Combining diverse evidence for gene recognition in completely sequenced bacterial genomes

Dmitrij Frishman, Andrey Mironov, Hans Werner Mewes, Mikhail Gelfand

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151 Scopus citations


Analysis of a newly sequenced bacterial genome starts with identification of protein-coding genes. Functional assignment of proteins requires the exact knowledge of protein N-termini. We present a new program ORPHEUS that identifies candidate genes and accurately predicts gene starts. The analysis starts with a database similarity search and identification of reliable gene fragments. The latter are used to derive statistical characteristics of protein-coding regions and ribosome-binding sites and to predict the complete set of genes in the analyzed genome. In a test on Bacillus subtilis and Escherichia coli genomes, the program correctly identified 93.3% (resp. 96.3%) of experimentally annotated genes longer than 100 codons described in the PIR-International database, and for these genes 96.3% (83.9%) of starts were predicted exactly. Furthermore, 98.9% (99.1%) of genes longer than 100 codons annotated in GenBank were found, and 92.9% (75.7%) of predicted starts coincided with the feature table description. Finally, for the complete gene complements of B. subtilis and E. coli, including genes shorter than 100 codons, gene prediction accuracy was 88.9 and 87.1%, respectively, with 94.2 and 76.7% starts coinciding with the existing annotation.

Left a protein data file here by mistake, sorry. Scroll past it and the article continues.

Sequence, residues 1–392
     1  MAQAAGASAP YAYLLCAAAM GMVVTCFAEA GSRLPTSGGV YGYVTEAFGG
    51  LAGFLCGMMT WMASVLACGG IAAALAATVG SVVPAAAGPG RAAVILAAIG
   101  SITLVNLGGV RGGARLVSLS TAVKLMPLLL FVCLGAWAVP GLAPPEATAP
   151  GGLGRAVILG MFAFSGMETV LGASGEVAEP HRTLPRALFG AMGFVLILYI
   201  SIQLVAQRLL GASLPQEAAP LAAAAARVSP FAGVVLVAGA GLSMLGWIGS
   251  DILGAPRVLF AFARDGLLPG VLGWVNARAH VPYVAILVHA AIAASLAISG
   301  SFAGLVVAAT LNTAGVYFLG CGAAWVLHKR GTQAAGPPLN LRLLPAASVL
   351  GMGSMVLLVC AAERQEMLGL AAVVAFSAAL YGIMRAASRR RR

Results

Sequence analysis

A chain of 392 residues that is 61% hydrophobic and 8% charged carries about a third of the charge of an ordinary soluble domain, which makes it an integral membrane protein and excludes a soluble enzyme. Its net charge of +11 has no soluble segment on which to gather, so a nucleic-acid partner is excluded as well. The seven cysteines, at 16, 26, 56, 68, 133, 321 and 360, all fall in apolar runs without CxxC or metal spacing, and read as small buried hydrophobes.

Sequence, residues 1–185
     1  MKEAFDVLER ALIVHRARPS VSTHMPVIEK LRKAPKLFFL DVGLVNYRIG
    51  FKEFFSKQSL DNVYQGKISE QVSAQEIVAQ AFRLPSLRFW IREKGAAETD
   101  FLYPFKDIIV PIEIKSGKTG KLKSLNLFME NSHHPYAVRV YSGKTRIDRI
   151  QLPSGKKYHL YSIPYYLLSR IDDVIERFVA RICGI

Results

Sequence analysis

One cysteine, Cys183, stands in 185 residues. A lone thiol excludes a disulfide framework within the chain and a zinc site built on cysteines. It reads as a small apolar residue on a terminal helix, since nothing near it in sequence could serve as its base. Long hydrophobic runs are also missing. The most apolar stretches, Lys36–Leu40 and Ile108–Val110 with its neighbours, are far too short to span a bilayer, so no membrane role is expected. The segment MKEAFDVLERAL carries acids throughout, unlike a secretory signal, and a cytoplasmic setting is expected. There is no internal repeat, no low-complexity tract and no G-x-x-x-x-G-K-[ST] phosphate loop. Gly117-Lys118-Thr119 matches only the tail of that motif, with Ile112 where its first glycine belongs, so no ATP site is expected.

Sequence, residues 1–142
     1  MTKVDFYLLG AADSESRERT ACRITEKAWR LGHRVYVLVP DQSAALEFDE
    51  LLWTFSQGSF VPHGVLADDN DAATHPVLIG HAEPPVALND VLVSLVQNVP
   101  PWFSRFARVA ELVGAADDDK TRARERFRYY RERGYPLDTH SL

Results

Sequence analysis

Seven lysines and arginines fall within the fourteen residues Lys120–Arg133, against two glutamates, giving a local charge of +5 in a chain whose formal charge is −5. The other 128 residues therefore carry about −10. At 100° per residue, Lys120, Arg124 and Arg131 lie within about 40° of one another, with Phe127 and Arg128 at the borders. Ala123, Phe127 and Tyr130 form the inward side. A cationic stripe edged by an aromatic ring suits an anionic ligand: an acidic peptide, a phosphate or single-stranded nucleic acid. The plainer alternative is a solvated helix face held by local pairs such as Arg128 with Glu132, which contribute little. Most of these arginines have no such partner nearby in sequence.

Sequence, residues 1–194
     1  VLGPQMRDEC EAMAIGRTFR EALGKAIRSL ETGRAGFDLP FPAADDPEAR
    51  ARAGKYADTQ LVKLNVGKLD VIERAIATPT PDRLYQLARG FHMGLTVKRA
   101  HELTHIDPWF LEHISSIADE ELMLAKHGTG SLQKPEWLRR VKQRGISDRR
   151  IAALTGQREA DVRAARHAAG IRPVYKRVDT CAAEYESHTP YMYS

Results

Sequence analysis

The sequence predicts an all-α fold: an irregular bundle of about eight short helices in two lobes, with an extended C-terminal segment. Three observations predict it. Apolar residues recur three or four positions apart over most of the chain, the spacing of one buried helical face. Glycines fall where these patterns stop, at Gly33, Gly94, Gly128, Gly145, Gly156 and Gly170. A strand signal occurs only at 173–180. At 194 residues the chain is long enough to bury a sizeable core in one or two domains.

Original languageEnglish
Pages (from-to)2941-2947
Number of pages7
JournalNucleic Acids Research
Issue number12
StatePublished - 15 Jun 1998
Externally publishedYes


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